cooperates with rural communities
By LAURELIN KRUSE
ALAMOSA — President of Colorado State University Larry Edward Penley visits the San Luis Valley this week to take a look at the way CSU works together with the rural community.
Penley will meet with leaders of the agriculture industry, area research staff, CSU alumni and community members. He will visit the San Luis Valley Research Center, Sun Edison Solar Plant and one of CSU’s alliance schools.
This is Penley’s third visit to the Valley in his five years as president.
As a land grant university, CSU cooperates with communities throughout the state and emphasizes agriculture and natural sciences. Learning is accomplished outside textbooks and the university’s influence extends far beyond the Fort Collins campus. Penley said CSU is heavily involved in research and is one of the top research universities in the country.
This research doesn’t just take place at the CSU Fort Collins campus. The university administers a facility in the Valley, the San Luis Valley Research Center. Here faculty, graduate students, and other staff improve potato production practices and discover new potato varieties. The facility benefits the Valley by bringing big research to the area and developing improved agricultural practices.
Penley said last time he visited the facility he was impressed by the research pursued by two young CSU alumni. They developed new potato varieties to market. “I walked away understanding the close relationship between [businesses and agriculture],” he said.
CSU also owns part of the Colorado State Forest Service in the Valley. The university cooperates with the forest service on several fire mitigation plans. The project improves the lives of Valley residents and furthers habitat for wildlife and livestock.
In addition to cooperative research, CSU Extension benefits the Valley through services offered to the agricultural community, families and youth.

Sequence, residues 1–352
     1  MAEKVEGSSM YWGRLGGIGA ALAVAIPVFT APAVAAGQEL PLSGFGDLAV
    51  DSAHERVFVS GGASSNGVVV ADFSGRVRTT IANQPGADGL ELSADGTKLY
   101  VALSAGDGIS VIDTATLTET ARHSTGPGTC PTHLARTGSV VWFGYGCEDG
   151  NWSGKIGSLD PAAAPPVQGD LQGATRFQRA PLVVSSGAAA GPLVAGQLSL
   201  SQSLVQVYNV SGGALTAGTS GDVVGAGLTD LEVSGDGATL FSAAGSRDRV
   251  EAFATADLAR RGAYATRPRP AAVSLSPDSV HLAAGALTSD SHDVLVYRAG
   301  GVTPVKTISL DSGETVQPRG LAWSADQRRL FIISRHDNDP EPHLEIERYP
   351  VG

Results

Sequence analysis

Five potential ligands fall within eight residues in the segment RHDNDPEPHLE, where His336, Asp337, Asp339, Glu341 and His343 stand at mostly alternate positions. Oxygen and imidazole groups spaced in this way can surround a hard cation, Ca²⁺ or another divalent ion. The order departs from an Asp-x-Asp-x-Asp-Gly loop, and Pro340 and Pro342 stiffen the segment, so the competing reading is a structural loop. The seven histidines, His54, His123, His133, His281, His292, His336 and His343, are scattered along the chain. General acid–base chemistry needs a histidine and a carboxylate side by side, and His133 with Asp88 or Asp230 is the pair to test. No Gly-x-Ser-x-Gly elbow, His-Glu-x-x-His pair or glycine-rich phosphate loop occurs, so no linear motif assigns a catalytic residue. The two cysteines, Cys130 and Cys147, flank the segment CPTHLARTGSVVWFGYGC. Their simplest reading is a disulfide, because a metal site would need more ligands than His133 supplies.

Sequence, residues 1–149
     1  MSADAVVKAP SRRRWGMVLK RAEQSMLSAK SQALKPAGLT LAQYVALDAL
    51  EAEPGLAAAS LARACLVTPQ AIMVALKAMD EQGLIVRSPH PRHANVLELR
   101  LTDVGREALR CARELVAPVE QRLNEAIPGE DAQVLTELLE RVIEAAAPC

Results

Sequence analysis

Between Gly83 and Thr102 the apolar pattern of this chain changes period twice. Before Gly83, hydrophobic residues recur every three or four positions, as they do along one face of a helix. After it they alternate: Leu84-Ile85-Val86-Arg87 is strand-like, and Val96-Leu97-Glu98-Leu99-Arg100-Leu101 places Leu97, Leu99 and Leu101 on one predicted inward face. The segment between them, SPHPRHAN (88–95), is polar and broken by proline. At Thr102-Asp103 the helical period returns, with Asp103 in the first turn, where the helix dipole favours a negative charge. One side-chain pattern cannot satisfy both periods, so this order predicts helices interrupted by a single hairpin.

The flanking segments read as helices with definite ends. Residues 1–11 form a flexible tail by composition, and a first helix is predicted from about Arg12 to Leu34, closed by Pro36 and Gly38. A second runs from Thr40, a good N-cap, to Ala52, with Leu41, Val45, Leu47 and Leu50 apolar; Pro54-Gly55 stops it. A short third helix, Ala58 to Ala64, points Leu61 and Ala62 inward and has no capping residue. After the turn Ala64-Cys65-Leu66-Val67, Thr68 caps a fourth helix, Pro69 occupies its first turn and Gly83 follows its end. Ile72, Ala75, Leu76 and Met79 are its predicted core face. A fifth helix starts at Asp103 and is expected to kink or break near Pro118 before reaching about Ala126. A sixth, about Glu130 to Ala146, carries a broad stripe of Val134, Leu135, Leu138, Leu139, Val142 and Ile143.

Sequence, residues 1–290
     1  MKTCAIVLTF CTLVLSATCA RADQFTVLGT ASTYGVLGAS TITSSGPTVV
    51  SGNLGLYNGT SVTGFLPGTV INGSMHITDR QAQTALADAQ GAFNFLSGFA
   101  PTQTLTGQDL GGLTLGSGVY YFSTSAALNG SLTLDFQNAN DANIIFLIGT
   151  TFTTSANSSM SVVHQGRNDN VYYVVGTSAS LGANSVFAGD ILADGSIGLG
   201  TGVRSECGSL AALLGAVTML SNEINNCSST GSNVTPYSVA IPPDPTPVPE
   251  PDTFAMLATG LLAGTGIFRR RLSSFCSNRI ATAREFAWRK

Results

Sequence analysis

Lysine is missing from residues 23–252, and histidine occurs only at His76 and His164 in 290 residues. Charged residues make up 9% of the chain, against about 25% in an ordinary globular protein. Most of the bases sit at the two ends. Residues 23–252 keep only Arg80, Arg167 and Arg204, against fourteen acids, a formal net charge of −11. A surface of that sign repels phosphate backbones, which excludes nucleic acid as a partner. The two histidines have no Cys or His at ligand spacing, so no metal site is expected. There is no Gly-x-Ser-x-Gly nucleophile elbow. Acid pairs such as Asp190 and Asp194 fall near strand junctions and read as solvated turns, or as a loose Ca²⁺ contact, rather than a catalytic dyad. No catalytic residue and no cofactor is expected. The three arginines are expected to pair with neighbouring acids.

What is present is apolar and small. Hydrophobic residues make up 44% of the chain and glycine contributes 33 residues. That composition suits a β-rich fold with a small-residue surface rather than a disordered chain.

CSU also has seven alliance schools in the Valley. Penley will visit an alliance school this week. Through these schools CSU focuses on attracting students to post-secondary education. Penley said they often choose rural schools with a high percentage of students on free or reduced lunch.
“These are intended to be joint collaborative relationships,” said Penley.
Through the university’s outreach Penley also hopes to attract students to CSU. “It’s an eye opening experience to go to a major research university,” said Penley.
Penley admits that some students from rural communities can be intimidated by a major research university like CSU. With almost 26,000 students, CSU is more than two and a half times the size of Alamosa. The school offers preview weekends during the summer and meetings with advisors and faculty for students to make the adjustment.
CSU also connects students to the university through special freshman classes and living and learning communities.
“Engagement and relationships tend to make the university more accessible,” said Penley.
CSU has the most Colorado resident students of any university in Colorado. Penley said there is a major emphasis on Colorado residents.
Penley said CSU offers students opportunities for cultural enrichment and gives them something to take home to their communities. “It’s about what you can bring back to the San Luis Valley,” said Penley.